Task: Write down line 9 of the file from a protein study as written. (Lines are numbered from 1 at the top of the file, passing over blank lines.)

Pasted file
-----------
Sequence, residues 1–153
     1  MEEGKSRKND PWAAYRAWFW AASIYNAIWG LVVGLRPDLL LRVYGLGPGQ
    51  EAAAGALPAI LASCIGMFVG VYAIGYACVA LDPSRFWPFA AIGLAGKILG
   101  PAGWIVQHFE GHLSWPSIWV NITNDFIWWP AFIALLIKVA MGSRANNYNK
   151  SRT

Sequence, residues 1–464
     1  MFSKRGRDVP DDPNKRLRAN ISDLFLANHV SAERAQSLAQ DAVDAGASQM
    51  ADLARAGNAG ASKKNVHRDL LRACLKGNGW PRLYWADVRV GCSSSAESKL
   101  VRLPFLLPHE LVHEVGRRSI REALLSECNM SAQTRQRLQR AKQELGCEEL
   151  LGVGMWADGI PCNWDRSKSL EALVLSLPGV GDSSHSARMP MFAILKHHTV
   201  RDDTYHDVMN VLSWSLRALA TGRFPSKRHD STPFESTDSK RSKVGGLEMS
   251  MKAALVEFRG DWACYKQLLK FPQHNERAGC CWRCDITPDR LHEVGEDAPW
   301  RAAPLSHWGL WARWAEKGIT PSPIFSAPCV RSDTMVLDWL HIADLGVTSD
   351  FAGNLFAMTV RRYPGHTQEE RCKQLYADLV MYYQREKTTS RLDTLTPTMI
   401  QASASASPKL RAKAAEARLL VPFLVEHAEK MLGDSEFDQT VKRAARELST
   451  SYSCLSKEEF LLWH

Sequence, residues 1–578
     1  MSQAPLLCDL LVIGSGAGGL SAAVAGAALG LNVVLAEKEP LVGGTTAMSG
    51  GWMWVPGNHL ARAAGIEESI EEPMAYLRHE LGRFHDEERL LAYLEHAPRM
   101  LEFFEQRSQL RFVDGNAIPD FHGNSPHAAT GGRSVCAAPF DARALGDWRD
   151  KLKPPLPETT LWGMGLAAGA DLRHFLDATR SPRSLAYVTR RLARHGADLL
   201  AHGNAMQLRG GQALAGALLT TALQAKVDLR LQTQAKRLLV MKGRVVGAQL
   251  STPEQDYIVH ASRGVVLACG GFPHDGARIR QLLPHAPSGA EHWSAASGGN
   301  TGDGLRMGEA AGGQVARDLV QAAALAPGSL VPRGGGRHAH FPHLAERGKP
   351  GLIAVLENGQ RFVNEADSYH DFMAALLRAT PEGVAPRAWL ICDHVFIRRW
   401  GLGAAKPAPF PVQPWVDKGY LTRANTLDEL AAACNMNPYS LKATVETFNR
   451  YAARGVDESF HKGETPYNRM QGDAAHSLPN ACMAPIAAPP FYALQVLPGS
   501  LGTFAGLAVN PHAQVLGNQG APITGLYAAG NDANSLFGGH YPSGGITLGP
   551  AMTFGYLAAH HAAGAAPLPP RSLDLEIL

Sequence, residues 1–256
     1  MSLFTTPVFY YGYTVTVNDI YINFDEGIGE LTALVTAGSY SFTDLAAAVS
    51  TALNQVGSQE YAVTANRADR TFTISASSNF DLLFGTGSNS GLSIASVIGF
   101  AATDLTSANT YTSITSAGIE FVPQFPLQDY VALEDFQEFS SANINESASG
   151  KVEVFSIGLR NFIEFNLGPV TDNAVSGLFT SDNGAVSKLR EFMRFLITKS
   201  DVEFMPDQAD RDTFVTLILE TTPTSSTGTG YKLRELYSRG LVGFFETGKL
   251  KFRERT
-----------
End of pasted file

   101  VRLPFLLPHE LVHEVGRRSI REALLSECNM SAQTRQRLQR AKQELGCEEL